- The Washington Times - Friday, December 14, 2001

ASSOCIATED PRESS

Congressional negotiators on an economic-stimulus package tentatively agreed yesterday to key parts of an unemployment assistance plan and began tackling the more difficult issue of helping laid-off people afford health coverage.

Tax cuts were left until later.

The bipartisan House-Senate group said the package probably would extend the 26-week unemployment benefit by an additional 13 weeks for workers who lost their jobs after March 15, when economists determined the nation's recession began. President Bush made an identical proposal this week.

Participants said they were also near agreement on a proposal to use optional grants to states to help them provide jobless benefits to part-time workers who weren't otherwise covered.

"With a little tweaking, we could accept that," said Sen. Charles E. Grassley of Iowa, ranking Republican on the Senate Finance Committee and the Senate Republicans' negotiator.

Later in the day, the talks turned to health care coverage, which was critical in determining the size and scope of personal and business tax cuts sought by Republicans.

"It depends on how it fits together," said Sen. Max Baucus, Montana Democrat and chairman of the Finance Committee. If Democrats secure a sizable amount of health care coverage in the package, he said, "it's possible we could go further" on tax cuts.

Democrats want a one-year, 75 percent federal subsidy for the COBRA insurance policies available to laid-off workers and more money for Medicaid so that states can extend coverage to those not eligible for COBRA. Mr. Bush and congressional Republicans favor a 50 percent tax credit for many types of health insurance policies and grants to states that could be used to provide coverage.

The talks were continuing into the evening and could extend to the weekend. House Majority Leader Dick Armey, Texas Republican, said House leaders hoped a compromise would be ready for a floor vote as early as Tuesday.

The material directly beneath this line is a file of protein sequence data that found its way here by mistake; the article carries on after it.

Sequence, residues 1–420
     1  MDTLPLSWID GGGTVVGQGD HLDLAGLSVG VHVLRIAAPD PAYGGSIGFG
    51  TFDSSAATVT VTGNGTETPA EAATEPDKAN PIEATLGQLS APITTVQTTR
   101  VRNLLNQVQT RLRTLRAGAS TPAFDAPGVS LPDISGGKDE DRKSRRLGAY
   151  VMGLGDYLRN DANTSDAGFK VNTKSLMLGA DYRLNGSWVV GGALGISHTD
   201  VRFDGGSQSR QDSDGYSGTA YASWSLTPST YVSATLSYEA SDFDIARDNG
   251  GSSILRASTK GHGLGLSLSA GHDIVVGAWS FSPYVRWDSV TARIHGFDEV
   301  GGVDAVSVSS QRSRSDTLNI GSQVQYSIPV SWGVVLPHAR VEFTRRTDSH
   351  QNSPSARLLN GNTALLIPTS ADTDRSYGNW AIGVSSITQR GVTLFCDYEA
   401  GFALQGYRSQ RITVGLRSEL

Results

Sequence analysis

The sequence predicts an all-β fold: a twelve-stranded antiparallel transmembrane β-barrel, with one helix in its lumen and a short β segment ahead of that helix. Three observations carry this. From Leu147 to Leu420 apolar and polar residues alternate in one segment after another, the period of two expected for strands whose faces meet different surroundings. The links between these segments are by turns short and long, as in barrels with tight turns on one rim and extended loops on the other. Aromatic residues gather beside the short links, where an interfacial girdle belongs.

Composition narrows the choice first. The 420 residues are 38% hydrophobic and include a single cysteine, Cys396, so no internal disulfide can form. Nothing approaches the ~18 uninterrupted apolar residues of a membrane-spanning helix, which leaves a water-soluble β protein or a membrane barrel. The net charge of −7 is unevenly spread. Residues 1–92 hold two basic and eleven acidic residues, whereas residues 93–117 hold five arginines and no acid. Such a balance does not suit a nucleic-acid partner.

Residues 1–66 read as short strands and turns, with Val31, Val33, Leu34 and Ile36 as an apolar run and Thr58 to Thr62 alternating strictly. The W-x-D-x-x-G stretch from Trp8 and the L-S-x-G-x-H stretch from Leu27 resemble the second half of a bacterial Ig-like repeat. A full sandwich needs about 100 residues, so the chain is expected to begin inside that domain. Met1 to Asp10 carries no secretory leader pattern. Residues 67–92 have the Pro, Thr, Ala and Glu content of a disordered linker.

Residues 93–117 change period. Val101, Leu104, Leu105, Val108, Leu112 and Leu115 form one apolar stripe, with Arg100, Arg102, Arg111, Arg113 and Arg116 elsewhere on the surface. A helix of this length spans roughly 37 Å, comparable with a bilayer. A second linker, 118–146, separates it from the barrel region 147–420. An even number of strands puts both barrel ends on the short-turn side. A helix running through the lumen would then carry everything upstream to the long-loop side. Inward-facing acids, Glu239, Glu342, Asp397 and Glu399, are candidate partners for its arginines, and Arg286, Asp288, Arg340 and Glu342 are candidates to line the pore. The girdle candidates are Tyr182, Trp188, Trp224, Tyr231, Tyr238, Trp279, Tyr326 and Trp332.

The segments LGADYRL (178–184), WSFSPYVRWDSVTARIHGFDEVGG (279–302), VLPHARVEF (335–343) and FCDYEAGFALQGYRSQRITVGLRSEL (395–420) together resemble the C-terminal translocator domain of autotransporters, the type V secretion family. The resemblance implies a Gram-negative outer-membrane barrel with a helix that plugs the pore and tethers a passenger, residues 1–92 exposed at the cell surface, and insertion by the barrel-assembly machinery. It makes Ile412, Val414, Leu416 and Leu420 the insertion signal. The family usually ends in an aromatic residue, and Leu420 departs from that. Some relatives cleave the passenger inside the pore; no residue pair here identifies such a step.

The talks could collapse, however.

House Republican leaders, who pushed through a $100 billion package heavy on tax cuts in October, were considering if the negotiations failed bringing up a second measure on their own that would include more jobless aid. Although that package might be blocked in the Senate, it would give House members a politically important vote on increased assistance to the unemployed and allow them to blame Democrats for the failure.

Still, chances for an overall compromise brightened considerably when Senate Majority Leader Tom Daschle, South Dakota Democrat, confirmed that he "is willing to try" to persuade a reluctant 50-member Democratic Senate caucus to accept a Republican bottom line: accelerating one of the income-tax cuts now scheduled to take effect in 2004 or 2006.

The Democrats are offering acceleration of the 27 percent rate to 26 percent in 2002; Republicans and Mr. Bush want the 27 percent rate cut to 25 percent next year.

"We can't go nearly as far as the Republicans would like, but we're willing to at least make an effort," Mr. Daschle told reporters.

Another sticking point on the tax front is whether to abolish the corporate alternative minimum tax or provide less-sweeping relief. Amid Democratic opposition, Mr. Bush essentially has given up on repealing the tax, but House Republicans say it is important so that companies can take full advantage of other business tax cuts.

Both sides said a final compromise probably would include a new round of rebate checks of up to $300 for workers who did not receive one earlier this year or didn't get the full amount.


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